On 31 October, we celebrate the holiday known as Halloween. Although the revelries and observances of this day primarily occur in regions of the Western world, it has become an increasingly popular tradition across the globe, especially in Eastern Europe and in Asian countries such as Japan and China.
Conventionally, we host costume parties, watch scary movies, carve pumpkins and light bonfires to celebrate the occasion, while the younger generations are off trick-or-treating down the road.
Just like any holiday we tend to celebrate, we can trace the origin of Halloween far back in time. Beyond the scary pranks and the spooky outfits, the festivities have a rich, cultural history.
The origins of Halloween can be traced back all the way to the ancient Celtic festival known as Samhain – pronounced ‘sow-in’ in Gaelic language. It was originally an event that marked the end of the harvest season and the beginning of winter in Ireland. The day after, on 1 November, would mark the ancient Celts’ new year.
Like other ancient Gaelic festivals, Samhain was seen to be a liminal time, when the boundaries separating the spiritual world and the real world were reduced. This is why Halloween has become associated with appearance of spirits, fairies and ghosts from the mythical ‘Otherworld’.
When the lines were blurred between worlds of the living and the dead, Celts used the opportunity to honour and worship their ancestors. Many, however, were concerned about the access darker and evil spirits had to influence those in the real world.
This is why many Celts dressed their children as demons to confuse the evil spirits and marked their doors with animal blood to deter unwanted visitors.
With newly uncovered archaeological evidence, historians are almost certain that animal, as well as human sacrifices, were made during Samhain to honour the dead and the Celtic Gods. It is thought that the famous ‘Irish Bog Bodies’ may be the remains of Kings who were sacrificed. They suffered the ‘threefold death’, which involved wounding, burning and drowning.
Crops were also burnt and bonfires were made as part of the worship of Celtic deities. Some sources claim these fires were made to honour the ancestors, while others indicate that these fires were part of the deterrence of evil spirits.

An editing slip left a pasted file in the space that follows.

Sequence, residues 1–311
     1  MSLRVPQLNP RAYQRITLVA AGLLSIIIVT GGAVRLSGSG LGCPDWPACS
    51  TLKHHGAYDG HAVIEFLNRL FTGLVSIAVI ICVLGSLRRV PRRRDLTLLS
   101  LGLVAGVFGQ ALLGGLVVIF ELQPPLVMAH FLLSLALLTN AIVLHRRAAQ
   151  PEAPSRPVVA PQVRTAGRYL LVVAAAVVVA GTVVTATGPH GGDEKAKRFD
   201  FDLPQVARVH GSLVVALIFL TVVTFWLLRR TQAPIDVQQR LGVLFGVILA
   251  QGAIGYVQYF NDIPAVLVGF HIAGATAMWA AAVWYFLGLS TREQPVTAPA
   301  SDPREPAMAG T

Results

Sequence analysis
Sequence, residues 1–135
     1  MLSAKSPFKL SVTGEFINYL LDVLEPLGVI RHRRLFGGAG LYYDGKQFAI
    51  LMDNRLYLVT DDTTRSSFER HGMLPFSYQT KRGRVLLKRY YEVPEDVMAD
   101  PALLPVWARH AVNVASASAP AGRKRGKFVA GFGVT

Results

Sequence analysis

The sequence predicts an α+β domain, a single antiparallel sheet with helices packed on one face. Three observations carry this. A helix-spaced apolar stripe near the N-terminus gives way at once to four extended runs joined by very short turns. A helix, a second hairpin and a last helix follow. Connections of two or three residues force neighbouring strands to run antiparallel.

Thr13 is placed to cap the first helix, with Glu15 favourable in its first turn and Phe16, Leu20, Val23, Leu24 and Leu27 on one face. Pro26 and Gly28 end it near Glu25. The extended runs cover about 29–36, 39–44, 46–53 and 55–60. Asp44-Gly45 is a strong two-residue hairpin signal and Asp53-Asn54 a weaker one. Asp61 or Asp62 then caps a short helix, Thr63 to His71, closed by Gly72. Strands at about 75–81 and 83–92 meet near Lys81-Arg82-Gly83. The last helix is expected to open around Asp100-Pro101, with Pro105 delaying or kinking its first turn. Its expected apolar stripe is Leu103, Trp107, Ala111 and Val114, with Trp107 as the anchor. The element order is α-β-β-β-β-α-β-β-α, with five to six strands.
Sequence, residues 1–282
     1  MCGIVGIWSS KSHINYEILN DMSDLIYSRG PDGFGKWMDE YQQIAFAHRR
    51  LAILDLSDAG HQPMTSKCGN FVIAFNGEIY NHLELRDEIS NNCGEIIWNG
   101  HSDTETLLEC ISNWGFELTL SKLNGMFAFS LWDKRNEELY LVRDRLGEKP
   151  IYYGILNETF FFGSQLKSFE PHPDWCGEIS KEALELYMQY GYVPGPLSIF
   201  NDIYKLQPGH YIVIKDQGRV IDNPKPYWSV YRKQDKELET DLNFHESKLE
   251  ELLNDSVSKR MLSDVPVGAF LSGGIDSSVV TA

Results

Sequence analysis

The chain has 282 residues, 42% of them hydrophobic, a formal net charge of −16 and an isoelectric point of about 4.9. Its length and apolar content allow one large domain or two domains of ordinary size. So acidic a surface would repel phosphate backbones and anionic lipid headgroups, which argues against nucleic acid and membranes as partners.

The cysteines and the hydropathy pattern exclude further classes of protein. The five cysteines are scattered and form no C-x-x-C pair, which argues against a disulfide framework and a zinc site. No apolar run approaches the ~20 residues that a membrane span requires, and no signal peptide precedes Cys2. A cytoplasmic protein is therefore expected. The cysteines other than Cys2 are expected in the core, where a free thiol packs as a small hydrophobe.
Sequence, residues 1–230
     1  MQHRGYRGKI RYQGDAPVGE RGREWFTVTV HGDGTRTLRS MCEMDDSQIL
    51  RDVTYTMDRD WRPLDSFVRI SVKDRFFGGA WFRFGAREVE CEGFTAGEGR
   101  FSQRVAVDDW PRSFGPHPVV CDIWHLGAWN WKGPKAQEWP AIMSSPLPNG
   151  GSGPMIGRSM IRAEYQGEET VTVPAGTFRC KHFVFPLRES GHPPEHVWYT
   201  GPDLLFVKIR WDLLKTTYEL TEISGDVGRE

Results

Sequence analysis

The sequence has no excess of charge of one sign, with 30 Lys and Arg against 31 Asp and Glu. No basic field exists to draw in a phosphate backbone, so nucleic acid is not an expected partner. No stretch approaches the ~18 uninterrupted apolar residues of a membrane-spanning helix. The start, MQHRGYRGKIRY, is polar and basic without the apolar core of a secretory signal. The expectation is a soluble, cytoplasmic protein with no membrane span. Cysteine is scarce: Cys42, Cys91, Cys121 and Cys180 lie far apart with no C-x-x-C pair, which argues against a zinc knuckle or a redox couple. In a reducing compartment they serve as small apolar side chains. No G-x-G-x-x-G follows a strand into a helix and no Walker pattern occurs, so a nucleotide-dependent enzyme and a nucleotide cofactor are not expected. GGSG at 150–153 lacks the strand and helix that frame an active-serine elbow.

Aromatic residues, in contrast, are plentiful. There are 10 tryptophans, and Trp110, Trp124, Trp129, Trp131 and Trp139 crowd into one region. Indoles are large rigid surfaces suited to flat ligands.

Roman and Christian Influence
Once Roman forces had conquered a vast amount of Celtic territory by 43 AD in Northern France and the British Isles, traditional Roman religious festivals were assimilated with the pagan celebrations.
The Roman festival of Feralia was traditionally celebrated in late October (although some historians suggest the festival occurred in February). It was a day to commemorate the souls and spirits of the dead, and was hence one of the first festivals to be combined with the Celtic festival of Samhain.
Another festival was the day of Pomona, the Roman goddess of fruit and trees. In Roman religion, the symbol that represented this goddess was an apple. This has led many to believe the Halloween tradition of apple bobbing originated from this Roman influence on the Celtic celebration.
It is believed that from the 9th century AD, Christianity had began to influence and displace old pagan rituals within the Celtic regions. At the behest of Pope Gregory VI, ‘All Hallows’ Day’ was assigned to the date of 1 November – the first day of the Celtic new year. The Pope, nevertheless, renamed the event ‘All Saints’ Day’, in honour of all the Christian Saints.
‘All Saints’ Day’ and ‘All Hallows’ Day’ are terms that have been used interchangeably throughout history. The eve before these dates was then called ‘Hallowe’en’ – a contraction of ‘Hallows’ Evening’. In the last century however, the holiday has been referred to simply as Halloween, celebrated on ‘Eve’ before the Day of the Hallows, on 31 October.